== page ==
I led a tour of a project I curated (organised) for a London based study group and an invited German one. I usually don't have much contact with Germans, and have felt vaguely threatened in the past whenever I met any especially older ones because of my family history but, maybe because of this project - or maybe just because of life experience, I have come to see them as human, a nation with blood on their hands. Blood is also on the hands of the English, Australians, Israelis, and most other nations on earth... but Germans are perpetrators of crimes that affected my family as victims. Who I am today is in direct consequence of the Nazi Holocaust, and so it has taken me a long time to be able to be near, respect, or see as human any German person.

Two people I met were interesting in this diary sense.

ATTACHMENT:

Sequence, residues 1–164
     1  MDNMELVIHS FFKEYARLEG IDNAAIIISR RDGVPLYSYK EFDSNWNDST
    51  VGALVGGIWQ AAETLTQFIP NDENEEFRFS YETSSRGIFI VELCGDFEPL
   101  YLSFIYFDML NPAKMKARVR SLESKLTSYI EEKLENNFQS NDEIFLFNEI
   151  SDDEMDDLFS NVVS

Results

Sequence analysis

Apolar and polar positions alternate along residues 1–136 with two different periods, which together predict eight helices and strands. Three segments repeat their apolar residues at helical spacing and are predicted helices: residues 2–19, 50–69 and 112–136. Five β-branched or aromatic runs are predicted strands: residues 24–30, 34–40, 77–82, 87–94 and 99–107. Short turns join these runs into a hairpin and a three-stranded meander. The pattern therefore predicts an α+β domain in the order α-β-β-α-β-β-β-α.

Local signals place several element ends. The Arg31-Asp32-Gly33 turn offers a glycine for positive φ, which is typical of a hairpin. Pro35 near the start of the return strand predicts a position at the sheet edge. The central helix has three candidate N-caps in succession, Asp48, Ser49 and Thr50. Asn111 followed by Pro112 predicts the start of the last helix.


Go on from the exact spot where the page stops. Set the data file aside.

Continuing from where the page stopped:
One asked within minutes of meeting her, why - though I have travelled quite widely - have I never been to Germany? She knew the answer, before I said it. She carried a great deal of guilt. She is early-20something. I said that we are each of us responsible for the crimes we commit. We must own our histories, what our families and nations have done to others, we must not pretend that crimes never happened. And we can perpetuate the past by our current actions, inactions and prejudices, but we are not to blame for our grandfather's crimes.

The other one talked nervously of Germans' small c conservatism, the battle mentality of conservatism. He wanted to be ethical, but the aethetics of the left are wearying and dull. He wanted beauty and sparkle. He felt the burden of history in his choices in life. They seemed so German in their ethical intellectual dilemmas.

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